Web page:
Cornerbacks, safeties and linebackers are generally the players used in coverage, and there are two types of coverages that they use – either zone coverage or man coverage.
Man coverage is pretty simple. A defender locks onto a receiver, running back or tight end and that's the player they're guarding. Zone coverage is a little more complicated.
Zone coverage designates a player responsible for a specific area, or zone, on the field. Linebackers usually cover the middle of the field, five to 10 yards off the line of scrimmage, while defensive backs guard the deeper sections of the field.
There are four main types of zone coverages teams use: cover 1, cover 2, cover 3 and cover 4. The number at the end reflects how many players there are guarding the deep part of the field. So in cover 1, there is one man guarding the deepest part of the field, from sideline to sideline. Cover 1 is usually employed when the offense is expected to run.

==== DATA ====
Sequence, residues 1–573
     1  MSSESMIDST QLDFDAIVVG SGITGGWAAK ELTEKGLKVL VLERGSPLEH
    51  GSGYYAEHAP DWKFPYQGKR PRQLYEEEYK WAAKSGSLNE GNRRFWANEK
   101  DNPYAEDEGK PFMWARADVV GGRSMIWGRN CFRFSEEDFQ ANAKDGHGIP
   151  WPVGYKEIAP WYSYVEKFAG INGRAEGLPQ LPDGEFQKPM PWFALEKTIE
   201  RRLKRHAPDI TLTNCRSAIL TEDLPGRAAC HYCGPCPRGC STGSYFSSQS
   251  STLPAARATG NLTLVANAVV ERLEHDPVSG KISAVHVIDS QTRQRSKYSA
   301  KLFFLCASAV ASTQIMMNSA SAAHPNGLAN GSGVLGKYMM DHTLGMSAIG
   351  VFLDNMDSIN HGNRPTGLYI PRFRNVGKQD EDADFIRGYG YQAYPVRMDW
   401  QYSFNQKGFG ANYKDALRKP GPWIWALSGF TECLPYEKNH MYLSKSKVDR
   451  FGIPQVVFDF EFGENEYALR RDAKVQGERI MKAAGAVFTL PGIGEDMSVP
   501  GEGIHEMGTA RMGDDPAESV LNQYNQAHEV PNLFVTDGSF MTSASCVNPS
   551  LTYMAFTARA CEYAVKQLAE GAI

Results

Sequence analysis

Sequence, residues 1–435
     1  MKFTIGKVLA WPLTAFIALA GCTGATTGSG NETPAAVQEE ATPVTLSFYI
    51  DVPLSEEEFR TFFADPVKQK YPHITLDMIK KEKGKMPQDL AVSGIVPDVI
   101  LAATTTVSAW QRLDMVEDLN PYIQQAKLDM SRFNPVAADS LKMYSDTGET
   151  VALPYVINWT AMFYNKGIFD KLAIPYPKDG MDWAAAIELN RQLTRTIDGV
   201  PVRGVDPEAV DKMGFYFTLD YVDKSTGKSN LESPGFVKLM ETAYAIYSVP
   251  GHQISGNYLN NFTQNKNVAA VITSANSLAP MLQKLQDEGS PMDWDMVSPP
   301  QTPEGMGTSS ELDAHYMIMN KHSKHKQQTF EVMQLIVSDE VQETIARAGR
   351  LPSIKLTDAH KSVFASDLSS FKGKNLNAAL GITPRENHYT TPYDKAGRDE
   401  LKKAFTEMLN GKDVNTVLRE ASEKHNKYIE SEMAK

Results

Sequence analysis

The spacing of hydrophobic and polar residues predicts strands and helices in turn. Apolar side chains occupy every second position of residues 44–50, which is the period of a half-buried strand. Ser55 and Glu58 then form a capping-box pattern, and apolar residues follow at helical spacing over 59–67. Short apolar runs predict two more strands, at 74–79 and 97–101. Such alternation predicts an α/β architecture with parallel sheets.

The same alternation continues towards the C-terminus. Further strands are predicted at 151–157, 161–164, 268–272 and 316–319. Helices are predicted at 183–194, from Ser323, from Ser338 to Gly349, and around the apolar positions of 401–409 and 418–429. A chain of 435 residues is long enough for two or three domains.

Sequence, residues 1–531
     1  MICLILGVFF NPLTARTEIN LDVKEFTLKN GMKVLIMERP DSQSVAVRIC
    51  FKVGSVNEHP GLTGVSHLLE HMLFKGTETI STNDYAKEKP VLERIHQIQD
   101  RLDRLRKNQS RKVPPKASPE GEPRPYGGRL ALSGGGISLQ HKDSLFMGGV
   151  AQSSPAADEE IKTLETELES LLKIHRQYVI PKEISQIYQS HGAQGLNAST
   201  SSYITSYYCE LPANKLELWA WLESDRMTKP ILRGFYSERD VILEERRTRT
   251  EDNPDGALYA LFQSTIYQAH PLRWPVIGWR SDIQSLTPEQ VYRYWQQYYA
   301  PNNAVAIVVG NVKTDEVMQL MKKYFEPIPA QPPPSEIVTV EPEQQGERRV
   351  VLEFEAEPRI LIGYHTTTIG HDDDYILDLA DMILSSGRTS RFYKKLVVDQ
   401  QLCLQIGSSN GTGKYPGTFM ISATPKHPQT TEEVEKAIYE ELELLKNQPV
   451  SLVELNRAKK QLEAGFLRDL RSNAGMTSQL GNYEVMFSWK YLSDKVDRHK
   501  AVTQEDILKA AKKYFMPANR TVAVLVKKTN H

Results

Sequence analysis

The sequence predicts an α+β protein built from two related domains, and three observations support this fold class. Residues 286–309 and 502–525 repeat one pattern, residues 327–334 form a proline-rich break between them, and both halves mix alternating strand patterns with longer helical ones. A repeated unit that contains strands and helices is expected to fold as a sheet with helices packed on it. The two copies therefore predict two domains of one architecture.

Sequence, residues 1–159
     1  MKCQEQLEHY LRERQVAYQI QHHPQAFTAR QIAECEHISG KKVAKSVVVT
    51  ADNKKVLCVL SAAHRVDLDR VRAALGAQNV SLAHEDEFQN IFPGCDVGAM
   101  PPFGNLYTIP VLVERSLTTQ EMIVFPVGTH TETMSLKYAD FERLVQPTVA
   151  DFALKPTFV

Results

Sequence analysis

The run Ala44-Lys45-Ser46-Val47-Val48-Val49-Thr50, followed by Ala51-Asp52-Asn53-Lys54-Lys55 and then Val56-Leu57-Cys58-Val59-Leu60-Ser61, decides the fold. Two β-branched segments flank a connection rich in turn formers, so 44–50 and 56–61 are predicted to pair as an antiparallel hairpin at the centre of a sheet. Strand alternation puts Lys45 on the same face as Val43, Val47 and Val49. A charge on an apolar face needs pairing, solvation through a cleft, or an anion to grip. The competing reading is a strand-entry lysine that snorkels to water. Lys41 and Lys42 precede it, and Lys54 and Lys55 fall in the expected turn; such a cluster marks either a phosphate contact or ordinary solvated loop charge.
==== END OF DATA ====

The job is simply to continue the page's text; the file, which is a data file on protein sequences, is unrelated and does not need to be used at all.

Cover 4 means that four players are responsible for the deep portion of the field, and they will each guard a quarter of the territory. This type of coverage is usually used when defenses are expecting a deep pass.
Defensive linemen can get involved, too. A zone blitz is when a defensive tackle or end drops off of the line of scrimmage and back into coverage, usually no farther back than five yards. Zone blitzes confuse the offensive line and can be effective against quick slants.
There are countless types of zone coverages that NFL teams use, but those are the building blocks many of the team's zone schemes are based. The Buccaneers, for example, are notorious for their "Tampa 2" defense, which revolves around a scheme based on cover 2 concepts.